The Reverend Jeremiah Wright

Every pun has been taken, so I'll just straightforwardly point you to Prof. K's round-up of Wright's odd foray into the public eye at the moment Obama needs him to recede. One item he links to is this analysis of the interview Wright granted Bill Moyers.

Two of those excesses, saying Goddamn America, and blaming 9/11 on America, did seem a bit more defensible when more of the preceding sermons were included. All Wright had to say was something like this: as someone who loves America, I hold her to a very high standard; as a preacher of the gospel, I am duty bound to remind her of her sins. For both reasons I sometimes get carried away and say things that I do not mean and do not really believe. That wouldn't have entirely gotten him off the hook, or made everyone feel better, but I think it would have let most of the air out of this balloon.

Instead, Moyers presented Wright as a Biblical prophet, on the same level as Martin Luther King (to whom Wright repeatedly compared himself), if not Jesus. Neither Moyers nor Wright found fault with one word of the infamous sermons. They blamed the scandal entirely on wicked people who produced sound bites from the sermons, taken out of context.

He goes on from there and I agree with his analysis, but I dunno that anything can ameliorate Wright's damn America comment in my mind. Patriotism certainly can coincide with strong condemnation of things this country does. I think of Jefferson's remark regarding slavery:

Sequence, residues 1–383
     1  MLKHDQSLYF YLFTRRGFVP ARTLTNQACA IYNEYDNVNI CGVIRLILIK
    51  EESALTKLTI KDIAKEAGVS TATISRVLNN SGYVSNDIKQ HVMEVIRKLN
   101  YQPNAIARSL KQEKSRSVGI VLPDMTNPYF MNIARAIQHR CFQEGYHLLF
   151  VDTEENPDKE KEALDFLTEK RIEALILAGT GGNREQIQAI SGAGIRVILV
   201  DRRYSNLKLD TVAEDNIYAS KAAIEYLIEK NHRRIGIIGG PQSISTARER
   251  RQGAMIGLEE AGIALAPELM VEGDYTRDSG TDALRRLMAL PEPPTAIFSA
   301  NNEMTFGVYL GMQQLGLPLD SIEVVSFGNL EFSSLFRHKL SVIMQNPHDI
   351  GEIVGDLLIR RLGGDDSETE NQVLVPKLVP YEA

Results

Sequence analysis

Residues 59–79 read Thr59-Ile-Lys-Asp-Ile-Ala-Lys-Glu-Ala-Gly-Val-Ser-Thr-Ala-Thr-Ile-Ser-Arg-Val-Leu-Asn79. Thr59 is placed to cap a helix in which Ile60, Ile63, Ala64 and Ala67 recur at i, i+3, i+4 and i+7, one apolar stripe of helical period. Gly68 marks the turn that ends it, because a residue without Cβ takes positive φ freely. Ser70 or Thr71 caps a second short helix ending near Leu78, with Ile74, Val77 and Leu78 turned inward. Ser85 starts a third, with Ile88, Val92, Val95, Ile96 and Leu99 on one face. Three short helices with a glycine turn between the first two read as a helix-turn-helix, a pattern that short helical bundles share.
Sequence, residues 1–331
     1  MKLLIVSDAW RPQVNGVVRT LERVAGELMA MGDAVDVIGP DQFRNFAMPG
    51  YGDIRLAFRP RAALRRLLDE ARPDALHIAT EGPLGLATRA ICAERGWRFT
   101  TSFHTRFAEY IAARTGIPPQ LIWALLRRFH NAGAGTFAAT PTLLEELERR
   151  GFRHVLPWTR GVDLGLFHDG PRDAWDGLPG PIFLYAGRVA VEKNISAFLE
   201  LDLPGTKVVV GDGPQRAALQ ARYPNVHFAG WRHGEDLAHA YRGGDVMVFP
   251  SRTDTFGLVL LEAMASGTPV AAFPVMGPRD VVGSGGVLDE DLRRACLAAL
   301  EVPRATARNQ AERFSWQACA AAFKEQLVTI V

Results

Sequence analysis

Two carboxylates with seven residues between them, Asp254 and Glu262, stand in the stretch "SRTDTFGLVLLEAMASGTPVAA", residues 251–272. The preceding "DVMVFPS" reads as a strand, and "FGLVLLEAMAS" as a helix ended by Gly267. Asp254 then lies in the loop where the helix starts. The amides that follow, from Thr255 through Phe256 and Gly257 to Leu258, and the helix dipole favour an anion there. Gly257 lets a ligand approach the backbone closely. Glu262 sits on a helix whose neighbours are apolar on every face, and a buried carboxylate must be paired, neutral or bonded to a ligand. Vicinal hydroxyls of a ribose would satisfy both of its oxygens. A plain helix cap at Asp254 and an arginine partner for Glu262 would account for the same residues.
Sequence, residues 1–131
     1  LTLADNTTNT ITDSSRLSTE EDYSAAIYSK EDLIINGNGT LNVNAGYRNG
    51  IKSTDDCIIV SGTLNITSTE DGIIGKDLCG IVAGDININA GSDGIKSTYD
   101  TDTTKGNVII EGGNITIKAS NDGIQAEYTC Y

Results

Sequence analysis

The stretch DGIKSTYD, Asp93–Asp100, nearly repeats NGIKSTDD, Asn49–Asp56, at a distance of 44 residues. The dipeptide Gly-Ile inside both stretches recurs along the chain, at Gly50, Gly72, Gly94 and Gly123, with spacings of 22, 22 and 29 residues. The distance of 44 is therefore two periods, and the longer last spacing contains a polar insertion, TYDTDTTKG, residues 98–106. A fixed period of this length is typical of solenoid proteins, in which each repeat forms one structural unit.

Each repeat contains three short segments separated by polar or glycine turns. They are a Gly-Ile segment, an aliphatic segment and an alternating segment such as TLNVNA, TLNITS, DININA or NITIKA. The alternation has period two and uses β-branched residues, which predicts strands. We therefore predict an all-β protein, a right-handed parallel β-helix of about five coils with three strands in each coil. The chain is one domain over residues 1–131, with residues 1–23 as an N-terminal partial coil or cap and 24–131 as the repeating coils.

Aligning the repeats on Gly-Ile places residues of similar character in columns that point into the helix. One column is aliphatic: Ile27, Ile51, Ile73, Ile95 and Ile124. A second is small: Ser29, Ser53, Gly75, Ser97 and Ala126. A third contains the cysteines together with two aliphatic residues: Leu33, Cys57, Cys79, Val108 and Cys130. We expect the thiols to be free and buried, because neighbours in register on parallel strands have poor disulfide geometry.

God who gave us life gave us liberty. Can the liberties of a nation be secure when we have removed a conviction that these liberties are the gift of God? Indeed I tremble for my country when I reflect that God is just, that his justice cannot sleep forever.
Or Lincoln's suggestion in the Second Inaugural that the extreme bloodiness of the Civil War may have been God's retribution for it. But it is one thing to contemplate what meaning present trials may have for eternity or to warn that just punishment is at hand if the people do not repent. It's another thing entirely to be the man who calls down the curse upon his own nation. I don't think there's any amount of torsion that can convert that act into anything decent.

Update: WaPo's Dana Milbank writes:
Should it become necessary in the months from now to identify the moment that doomed Obama's presidential aspirations, attention is likely to focus on the hour between nine and ten this morning at the National Press Club. It was then that Wright, Obama's longtime pastor, reignited a controversy about race from which Obama had only recently recovered - and added lighter fuel.
Excerpts here.
Update: Here's the transcript, about which Prof. K. has more to say.